Could it be said that eSession is a virtual booking agency?
Sort of, though I don’t like calling it that. Recording budgets have dropped almost 70 percent the past five years, so this is a great and less costly way for the labels to find and record the talent they need. It’s too expensive to fly someone in to a studio to play one great guitar track. eSession is perfectly geared for those situations.
So far, we’ve talked about what’s positive about technology’s effect on creativity. What’s the single worst thing about it?
It has put music in the hands of the masses that think using [Apple] GarageBand automatically makes them a songwriter, that throwing a couple of loops together and never learning about chord structure and music theory is all it takes to write a great song.
And the result is all the watered-down music we hear on the radio.
There’s a lot of great stuff on the radio these days and there’s a lot of crap. I do think that technology has negatively affected the craft of songwriting because it’s so simple to cut and paste a song together these days. It’s also negatively affected the talent required to make an album. If someone can play in time for two bars, that’s about all that’s required for much of today’s music. There should be a balance between talent and technology, and I guess that’s what I’m hoping eSession will do.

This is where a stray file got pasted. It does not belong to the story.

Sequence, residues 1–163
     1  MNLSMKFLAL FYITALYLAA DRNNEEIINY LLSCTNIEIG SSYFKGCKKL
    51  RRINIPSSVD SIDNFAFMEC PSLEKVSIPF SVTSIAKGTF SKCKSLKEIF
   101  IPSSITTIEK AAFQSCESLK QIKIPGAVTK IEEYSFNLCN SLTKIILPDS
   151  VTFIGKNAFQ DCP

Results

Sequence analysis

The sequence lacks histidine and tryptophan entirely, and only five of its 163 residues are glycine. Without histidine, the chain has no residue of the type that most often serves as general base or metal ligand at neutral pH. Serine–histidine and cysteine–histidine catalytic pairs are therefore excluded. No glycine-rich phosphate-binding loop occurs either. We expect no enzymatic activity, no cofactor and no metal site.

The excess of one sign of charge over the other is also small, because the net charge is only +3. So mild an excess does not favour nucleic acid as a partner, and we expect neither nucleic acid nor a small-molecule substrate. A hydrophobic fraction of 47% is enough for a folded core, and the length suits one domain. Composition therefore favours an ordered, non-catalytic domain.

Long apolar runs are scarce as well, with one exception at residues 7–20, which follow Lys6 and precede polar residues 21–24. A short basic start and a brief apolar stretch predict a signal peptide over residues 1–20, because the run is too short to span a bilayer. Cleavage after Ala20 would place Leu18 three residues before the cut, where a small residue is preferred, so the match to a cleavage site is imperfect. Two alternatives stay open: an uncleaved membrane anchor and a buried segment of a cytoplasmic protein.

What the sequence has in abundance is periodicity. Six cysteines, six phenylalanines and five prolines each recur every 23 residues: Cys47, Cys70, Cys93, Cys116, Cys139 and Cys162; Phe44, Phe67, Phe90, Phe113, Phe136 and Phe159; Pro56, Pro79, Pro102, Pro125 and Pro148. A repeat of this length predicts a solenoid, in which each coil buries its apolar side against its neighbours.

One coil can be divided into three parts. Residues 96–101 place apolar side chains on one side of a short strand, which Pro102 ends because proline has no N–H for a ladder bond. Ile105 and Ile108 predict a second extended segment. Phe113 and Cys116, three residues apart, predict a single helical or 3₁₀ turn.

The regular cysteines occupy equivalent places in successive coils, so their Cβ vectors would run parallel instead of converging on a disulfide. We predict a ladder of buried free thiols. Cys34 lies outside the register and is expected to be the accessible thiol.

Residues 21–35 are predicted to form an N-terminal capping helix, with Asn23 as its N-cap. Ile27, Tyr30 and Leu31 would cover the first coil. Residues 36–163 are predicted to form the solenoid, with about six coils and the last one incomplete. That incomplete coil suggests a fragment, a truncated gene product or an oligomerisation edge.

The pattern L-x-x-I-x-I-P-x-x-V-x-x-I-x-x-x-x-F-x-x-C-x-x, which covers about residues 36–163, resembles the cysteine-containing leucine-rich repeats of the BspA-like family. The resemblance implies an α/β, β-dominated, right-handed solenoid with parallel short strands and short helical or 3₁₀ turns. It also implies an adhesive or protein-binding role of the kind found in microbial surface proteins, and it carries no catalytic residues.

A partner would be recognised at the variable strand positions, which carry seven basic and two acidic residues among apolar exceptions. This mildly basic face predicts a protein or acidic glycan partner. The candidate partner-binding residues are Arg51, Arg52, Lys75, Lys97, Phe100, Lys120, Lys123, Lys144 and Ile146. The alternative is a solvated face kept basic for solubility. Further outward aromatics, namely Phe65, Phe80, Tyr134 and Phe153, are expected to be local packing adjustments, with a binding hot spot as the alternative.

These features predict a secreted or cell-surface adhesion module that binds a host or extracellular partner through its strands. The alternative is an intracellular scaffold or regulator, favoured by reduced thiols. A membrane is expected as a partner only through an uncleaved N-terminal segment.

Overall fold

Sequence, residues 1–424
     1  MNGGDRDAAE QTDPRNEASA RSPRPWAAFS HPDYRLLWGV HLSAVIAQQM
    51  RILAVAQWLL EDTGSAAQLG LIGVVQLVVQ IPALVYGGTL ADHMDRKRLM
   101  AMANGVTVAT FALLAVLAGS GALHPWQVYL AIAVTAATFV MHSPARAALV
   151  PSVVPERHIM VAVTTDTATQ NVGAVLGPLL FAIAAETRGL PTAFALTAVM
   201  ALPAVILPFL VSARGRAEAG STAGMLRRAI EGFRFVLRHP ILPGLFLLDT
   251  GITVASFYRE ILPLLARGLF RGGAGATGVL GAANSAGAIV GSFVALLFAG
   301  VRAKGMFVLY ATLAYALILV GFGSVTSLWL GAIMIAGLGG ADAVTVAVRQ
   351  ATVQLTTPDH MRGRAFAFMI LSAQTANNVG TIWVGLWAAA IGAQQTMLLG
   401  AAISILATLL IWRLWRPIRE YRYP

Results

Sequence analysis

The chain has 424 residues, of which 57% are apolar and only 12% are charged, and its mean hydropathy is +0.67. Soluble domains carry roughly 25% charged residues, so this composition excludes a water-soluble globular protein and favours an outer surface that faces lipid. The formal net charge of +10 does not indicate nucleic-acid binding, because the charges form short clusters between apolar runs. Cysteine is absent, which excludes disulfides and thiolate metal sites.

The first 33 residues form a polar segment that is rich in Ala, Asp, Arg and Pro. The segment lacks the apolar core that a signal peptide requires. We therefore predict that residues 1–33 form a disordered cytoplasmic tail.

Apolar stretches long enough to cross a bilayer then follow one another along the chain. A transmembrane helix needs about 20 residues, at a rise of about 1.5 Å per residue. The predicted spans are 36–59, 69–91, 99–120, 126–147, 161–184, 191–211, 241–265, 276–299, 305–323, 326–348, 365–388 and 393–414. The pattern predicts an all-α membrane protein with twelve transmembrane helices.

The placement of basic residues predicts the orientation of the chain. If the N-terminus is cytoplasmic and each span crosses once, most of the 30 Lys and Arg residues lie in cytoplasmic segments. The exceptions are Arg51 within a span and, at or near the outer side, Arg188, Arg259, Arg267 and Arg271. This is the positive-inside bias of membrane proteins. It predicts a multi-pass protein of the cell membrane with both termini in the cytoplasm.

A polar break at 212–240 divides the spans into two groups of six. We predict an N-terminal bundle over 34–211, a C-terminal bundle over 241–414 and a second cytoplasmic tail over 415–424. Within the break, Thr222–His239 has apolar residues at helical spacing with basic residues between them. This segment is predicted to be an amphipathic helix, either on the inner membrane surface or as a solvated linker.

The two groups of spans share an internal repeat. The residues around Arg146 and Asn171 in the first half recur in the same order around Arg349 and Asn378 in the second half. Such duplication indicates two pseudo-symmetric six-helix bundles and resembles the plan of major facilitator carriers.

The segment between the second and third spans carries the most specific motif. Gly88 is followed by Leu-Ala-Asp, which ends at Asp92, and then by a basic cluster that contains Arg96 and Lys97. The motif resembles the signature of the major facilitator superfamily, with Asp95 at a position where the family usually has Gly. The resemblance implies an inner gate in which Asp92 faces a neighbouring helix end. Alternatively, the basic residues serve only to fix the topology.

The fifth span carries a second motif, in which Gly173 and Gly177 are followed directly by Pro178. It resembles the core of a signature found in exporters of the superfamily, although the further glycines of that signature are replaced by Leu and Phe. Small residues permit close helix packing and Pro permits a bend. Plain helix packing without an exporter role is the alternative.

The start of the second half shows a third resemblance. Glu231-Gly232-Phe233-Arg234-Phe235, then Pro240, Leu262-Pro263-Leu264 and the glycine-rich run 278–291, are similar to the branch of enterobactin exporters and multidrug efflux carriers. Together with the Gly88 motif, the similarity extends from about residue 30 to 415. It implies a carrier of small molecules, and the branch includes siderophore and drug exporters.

But regarding radio, that’s a whole other thing. Clear Channel [which owns hundreds of American radio stations] is limiting so much of the great music that’s out there even more now. You used to need only talent to get on the radio, but now you simply need money. I’m hoping that satellite radio and perhaps internet radio will eventually change that.